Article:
Updated: February 12, 2021 8:49:52 am
After the Supreme Court ordered a “status quo” with regard to the dismantling of India’s decommissioned aircraft carrier, INS Viraat, the shipbreaker has halted all breaking activities at the Alang shipbreaking yard in Gujarat.
What was the Supreme Court order?
Issuing notice on a petition filed by M/s Envitech Marine Consultants Pvt Ltd, which wants to buy INS Viraat and convert it into a museum, a Supreme Court bench headed by Chief Justice of India SA Bobde said, “In the meantime, parties are directed to maintain status quo with regard to dismantling/breaking of the subject ship, known as INS Viraat, as on date.”
The Thane-based firm had approached the SC after the Ministry of Defence declined to provide a No-Objection Certificate, needed to repurchase the vessel.
What does the SC decision mean for Alang shipbreaker?
Mukesh Patel, chairman of Shree Ram Group — the shipbreaker at Alang who purchased INS Viraat as scrap from an auction conducted by Metal Scrap Corporation Limited for Rs 38.54 crore — on Thursday said, “Though we are yet to get a formal order from the Supreme Court, we have stopped all dismantling work on INS Viraat.”
The shipbreaker had employed around 150 workers for dismantling the aircraft carrier. “No one boarded the vessel today,” Patel added.
The shipbreaker said the decision to stall the breaking of INS Viraat was taken by the SC without hearing their side. “We had taken about Rs 60 crore loan to purchase the vessel and to tug it to Alang. The 12 percent interest will hurt us financially if the dismantling gets delayed. Such a step can make us go bankrupt,” Patel said.
According to experts, any profit for the shipbreaker at Alang depends on the “turnaround time” which is the period within which the shipbreaker can dismantle the ship and sell it as scrap. The faster a ship is broken, the more the profit.
“Secondly, once we will make a bill of entry with the customs department, the ship no more remains a ship. It becomes goods on which an import duty is levied,” Patel said. The Bill of Entry is filed by the shipbreaker before a vessel is beached at Alang.
How much of the aircraft carrier has been dismantled so far?
According to Shree Ram Group, 40 percent of the aircraft carrier had already been dismantled. INS Viraat arrived at Alang on September 28, 2020 from Mumbai. At a formal ceremony organised on the same plot (Number 9) where the aircraft carrier would be broken, Union minister for shipping Mansukh Mandaviya and Rear Admiral Puruvir Das, Flag Officer Commanding, Gujarat Naval Area had bid adieu to the vessel.
Speaking at the ceremony, Mandaviya had for the first time revealed that the Modi government was prepared to spend Rs 500 crore to preserve the aircraft carrier but a team of experts set up by the government expressed concerns regarding the fast deteriorating hull of the battleship which would make it prone to accidents in future.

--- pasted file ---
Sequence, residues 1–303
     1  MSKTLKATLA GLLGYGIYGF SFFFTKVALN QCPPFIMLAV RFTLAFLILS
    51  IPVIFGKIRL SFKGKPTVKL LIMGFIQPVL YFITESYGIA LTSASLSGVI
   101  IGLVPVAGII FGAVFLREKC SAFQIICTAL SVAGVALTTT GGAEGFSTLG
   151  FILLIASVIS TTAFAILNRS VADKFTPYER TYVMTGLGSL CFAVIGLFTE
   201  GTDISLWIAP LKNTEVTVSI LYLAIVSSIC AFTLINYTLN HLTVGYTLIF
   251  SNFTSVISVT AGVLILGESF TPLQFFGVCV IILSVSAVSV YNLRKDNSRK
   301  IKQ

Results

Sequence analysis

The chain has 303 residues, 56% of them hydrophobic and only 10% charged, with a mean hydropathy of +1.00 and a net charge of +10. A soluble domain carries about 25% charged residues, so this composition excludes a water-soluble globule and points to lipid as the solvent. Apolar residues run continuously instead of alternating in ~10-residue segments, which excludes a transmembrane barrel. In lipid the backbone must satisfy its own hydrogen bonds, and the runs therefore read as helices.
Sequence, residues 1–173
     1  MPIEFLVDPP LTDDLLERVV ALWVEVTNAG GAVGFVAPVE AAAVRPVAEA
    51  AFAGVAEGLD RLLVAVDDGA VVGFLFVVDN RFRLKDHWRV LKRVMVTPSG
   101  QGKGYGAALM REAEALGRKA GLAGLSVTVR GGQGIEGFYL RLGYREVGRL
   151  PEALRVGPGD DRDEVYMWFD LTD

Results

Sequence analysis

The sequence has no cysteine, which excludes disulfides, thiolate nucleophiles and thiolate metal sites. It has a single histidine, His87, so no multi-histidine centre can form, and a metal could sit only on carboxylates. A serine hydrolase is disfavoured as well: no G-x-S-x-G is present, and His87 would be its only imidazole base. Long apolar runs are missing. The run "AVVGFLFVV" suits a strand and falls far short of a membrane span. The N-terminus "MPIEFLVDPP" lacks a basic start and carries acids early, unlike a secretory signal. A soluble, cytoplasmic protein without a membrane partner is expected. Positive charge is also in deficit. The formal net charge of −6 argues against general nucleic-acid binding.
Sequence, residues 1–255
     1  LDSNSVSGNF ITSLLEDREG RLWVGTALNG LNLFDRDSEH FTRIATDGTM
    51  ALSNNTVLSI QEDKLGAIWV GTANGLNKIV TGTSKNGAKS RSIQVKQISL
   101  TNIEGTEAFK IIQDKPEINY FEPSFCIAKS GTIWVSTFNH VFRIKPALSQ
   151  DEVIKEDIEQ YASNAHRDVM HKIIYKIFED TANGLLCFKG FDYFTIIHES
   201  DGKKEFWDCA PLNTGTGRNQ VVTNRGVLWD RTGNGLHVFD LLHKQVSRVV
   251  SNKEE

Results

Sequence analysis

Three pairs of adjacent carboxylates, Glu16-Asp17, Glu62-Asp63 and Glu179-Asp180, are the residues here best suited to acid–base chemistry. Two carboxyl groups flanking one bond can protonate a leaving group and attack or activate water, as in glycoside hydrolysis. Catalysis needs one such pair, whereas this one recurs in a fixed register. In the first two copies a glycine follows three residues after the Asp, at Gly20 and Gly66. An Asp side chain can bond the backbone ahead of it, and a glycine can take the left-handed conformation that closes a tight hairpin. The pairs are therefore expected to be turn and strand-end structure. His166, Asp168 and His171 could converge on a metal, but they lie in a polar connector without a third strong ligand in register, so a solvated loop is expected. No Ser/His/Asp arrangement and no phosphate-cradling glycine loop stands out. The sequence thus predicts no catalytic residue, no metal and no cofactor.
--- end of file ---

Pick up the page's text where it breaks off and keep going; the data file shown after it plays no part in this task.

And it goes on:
The Gujarat Maritime Board had given the “breaking permission” for the vessel in October last year. However, the dismantling began on December 1, 2020. Till date, a large portion of the flight deck, the ski jump, and the accommodations meant for the sailors have all been dismantled, leaving a large gaping hole in the front side of the vessel.
What happened to earlier negotiations between the shipbreaker and Envitech Marine Consultants Pvt Ltd?
“If Envitech was really serious about preserving the aircraft carrier, they should have ideally participated in the auction conducted by the government body,” says Mukesh Patel.
Patel said Shree Ram Group gave the private firm enough time to produce an NOC from the government for repurchasing INS Viraat. The aircraft carrier had arrived at Alang with the help of a tug and had run aground 3000 feet away from the shore in September 2020.
Envitech went public with its attempt to save the aircraft carrier on September 30. In subsequent months, the shipbreaker told The Indian Express the aircraft carrier could be refloated and taken away from Alang. However, after the dismantling began in December 2020, all hopes of salvaging the decommissioned aircraft carrier — that originally entered service with the Royal British Navy as HMS Hermes in 1959 and was later sold to India in the 1980s — was lost.
📣 The Indian Express is now on Telegram. Click here to join our channel (@indianexpress) and stay updated with the latest headlines